On Tuesday, Prince’s sister, Tyka Nelson, filed an emergency motion in Carver County District Court requesting that the Court appoint a special administrator to gather and protect Prince’s assets. She also claimed that, to the best of her knowledge, no will existed. The assets are estimated to be worth $100 – $500 million and are comprised of real estate holdings, including his Paisley Park Complex outside of Minneapolis; his music catalog, including licensing rights for television, film, and commercials; and album sales. It is estimated that in the week after his death, 2.8 million of his songs – and over 650,000 albums – were sold worldwide.
Despite Ms. Nelson’s claim there is no will, that remains an open question. In Minnesota, a person can secretly file a will in probate court prior to death. If Prince did this, the will and any associated trusts or heirs will only be revealed once the death certificate is filed. As of this article’s publishing, the medical examiner has not released a death certificate due to the inconclusive autopsy and pending findings from toxicology tests.
Assuming Prince had no will, what will become of his fortune? If a person dies with a will, the probate court is guided by the will and other documents (trusts, life insurance policies, etc.) in determining how the deceased wanted their assets distributed. However, if a person dies without a will, or “intestate,” their assets are divided according to their home state’s intestacy statutes.
Under Minnesota law, the surviving spouse of an intestate estate inherits all estate property. Although Prince was married twice, he was also twice divorced and not married at the time of his death. In the event that there is no surviving spouse, any children and grandchildren would inherit the estate property. Prince had one son, but he died shortly after birth, leaving no other children. Next in line: the parents. Prince’s mother, Mattie Della Baker, and father, John Nelson, both predeceased him. In Prince’s situation, Minnesota law would dictate the estate assets be divided among the descendants of his parents, or his siblings. This includes not only Tyka Nelson, who shares the same mother and father, but also five other living half-siblings, who are treated the same as full siblings under Minnesota law.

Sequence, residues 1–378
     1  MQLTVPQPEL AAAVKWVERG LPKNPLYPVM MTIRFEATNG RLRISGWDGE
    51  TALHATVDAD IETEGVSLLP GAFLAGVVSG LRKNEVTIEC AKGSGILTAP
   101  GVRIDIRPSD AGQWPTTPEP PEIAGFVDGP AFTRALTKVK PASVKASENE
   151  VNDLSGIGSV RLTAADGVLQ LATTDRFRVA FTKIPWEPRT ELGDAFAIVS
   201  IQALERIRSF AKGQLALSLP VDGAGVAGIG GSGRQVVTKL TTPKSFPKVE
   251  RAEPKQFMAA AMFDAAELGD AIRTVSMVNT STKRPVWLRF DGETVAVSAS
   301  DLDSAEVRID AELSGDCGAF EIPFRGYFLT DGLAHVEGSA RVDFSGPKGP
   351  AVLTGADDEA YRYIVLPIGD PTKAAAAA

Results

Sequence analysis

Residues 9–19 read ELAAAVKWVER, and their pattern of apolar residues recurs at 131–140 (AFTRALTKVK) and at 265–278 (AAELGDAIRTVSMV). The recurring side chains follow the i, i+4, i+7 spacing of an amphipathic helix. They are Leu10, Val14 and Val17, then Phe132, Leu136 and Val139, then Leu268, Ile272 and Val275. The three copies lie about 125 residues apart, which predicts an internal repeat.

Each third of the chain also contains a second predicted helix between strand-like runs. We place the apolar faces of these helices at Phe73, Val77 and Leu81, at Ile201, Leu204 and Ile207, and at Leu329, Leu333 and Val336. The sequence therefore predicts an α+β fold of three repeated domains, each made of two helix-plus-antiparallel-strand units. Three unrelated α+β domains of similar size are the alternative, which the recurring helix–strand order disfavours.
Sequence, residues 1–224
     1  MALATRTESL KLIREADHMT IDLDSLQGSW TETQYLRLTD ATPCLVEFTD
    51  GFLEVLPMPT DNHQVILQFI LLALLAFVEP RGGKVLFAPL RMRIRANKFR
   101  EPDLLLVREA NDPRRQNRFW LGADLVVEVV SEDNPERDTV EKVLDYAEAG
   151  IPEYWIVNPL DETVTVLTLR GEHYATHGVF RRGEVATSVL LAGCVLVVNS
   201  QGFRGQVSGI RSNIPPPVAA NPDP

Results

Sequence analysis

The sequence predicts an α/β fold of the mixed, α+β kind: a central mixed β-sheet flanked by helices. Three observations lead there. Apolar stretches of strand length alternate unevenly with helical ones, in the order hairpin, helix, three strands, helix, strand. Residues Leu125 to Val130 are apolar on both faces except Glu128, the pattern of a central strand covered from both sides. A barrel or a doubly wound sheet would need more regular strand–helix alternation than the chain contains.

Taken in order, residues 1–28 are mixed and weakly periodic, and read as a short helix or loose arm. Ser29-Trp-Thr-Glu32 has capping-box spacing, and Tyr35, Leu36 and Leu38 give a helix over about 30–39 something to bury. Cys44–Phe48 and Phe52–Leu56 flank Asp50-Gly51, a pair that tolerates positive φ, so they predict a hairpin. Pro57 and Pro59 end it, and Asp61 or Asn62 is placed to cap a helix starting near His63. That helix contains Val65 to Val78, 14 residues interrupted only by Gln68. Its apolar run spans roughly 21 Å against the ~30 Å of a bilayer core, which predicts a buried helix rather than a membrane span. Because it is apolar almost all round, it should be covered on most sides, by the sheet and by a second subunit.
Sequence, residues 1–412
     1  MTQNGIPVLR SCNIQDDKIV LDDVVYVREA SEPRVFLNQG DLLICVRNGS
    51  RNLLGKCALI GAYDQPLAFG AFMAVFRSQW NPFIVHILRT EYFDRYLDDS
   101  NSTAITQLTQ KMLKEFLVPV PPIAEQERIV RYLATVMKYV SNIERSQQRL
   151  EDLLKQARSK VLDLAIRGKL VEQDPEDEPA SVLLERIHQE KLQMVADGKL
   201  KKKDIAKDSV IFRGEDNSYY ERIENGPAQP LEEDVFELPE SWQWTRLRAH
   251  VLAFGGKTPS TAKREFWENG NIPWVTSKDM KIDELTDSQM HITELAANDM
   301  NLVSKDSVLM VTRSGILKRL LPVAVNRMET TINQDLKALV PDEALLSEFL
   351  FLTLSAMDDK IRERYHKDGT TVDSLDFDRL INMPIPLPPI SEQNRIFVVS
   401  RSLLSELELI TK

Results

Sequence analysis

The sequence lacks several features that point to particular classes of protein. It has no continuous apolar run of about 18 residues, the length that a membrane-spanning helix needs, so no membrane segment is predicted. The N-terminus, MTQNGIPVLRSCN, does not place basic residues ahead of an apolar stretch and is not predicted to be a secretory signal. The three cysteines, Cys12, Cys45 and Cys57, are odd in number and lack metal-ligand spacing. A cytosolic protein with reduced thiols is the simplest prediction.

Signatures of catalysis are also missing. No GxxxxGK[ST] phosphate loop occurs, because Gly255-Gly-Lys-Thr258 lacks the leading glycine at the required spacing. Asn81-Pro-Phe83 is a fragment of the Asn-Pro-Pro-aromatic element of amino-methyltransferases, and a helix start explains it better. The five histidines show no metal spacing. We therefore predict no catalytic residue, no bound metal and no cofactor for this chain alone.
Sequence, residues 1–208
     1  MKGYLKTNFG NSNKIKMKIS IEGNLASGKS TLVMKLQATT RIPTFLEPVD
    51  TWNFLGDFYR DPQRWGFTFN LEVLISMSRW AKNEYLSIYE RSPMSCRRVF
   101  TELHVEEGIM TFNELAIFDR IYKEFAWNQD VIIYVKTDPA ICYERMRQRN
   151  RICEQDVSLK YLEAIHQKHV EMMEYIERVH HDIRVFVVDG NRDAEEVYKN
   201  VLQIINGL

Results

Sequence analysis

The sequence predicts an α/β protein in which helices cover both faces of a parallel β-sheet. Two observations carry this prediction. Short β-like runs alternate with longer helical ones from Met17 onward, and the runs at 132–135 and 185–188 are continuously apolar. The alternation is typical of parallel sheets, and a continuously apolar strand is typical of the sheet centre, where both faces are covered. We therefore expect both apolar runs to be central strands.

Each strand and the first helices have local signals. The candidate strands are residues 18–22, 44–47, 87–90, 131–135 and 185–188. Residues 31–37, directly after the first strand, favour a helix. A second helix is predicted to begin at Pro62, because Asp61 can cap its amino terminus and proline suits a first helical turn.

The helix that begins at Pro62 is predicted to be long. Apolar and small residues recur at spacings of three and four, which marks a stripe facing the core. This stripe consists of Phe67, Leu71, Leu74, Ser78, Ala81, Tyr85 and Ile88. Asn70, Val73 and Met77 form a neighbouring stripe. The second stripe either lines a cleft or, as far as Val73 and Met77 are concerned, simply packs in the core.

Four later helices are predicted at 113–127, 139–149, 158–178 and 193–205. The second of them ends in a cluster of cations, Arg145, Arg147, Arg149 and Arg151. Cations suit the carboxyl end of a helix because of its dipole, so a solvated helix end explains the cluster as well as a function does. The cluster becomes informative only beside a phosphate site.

One final twist to Prince’s story: the law provides that the estate pass to the descendants of the dead person’s parents (siblings and half siblings) “by representation.” This means if one of Prince’s siblings died before him, but has living children, they would receive their dead parent’s share on a pro rata basis. A sibling that died before him with no living children would not be allocated a share at all. Prince has two deceased half-siblings: Lorna Nelson and Duane Nelson. Lorna died in 2006 without any children. Duane, who was Prince’s head of security for a time, died in 2011 with one child, Brianna. Curiously, Duane isn’t named in the court documents as a sibling, even though Lorna is. However, upon Duane’s death, Tyka acknowledged via Twitter that he was her brother. Aside from arguments over fairly distributing the assets amongst the six siblings, Prince’s overlooked niece may enter the fray in order to claim her piece of the pie.
Most people aren’t lucky enough to have a multi-million dollar fortune to distribute upon their death, but having a will and other estate planning documents is nonetheless important. If a person wants to prevent a family member from inheriting any assets, to provide for a family member who needs greater care or assistance than the others, or to avoid giving an estranged spouse the sum total of their belongings, they must have a will. Further, if they want any of their money to go to a close, but unrelated friend, or to a favorite charity, then they must have a will specifying their wishes or the friend or charity will receive nothing. These are only a few examples of situations which highlight the importance of having a will. Even in the simplest of cases, it is prudent to have estate planning documents, if only to ensure that one’s family will not have to endure the potentially costly process of litigating who inherits their assets upon death.
Disputes over wills and estates don’t just happen in families of multi-millionaire pop stars. They happen every day to normal people. It is important to consult an attorney experienced in trusts and estates litigation if you suspect that there may be disagreements as to how assets will be distributed.
For more information, go to: Lindley Law Office – Trust and Estate Litigation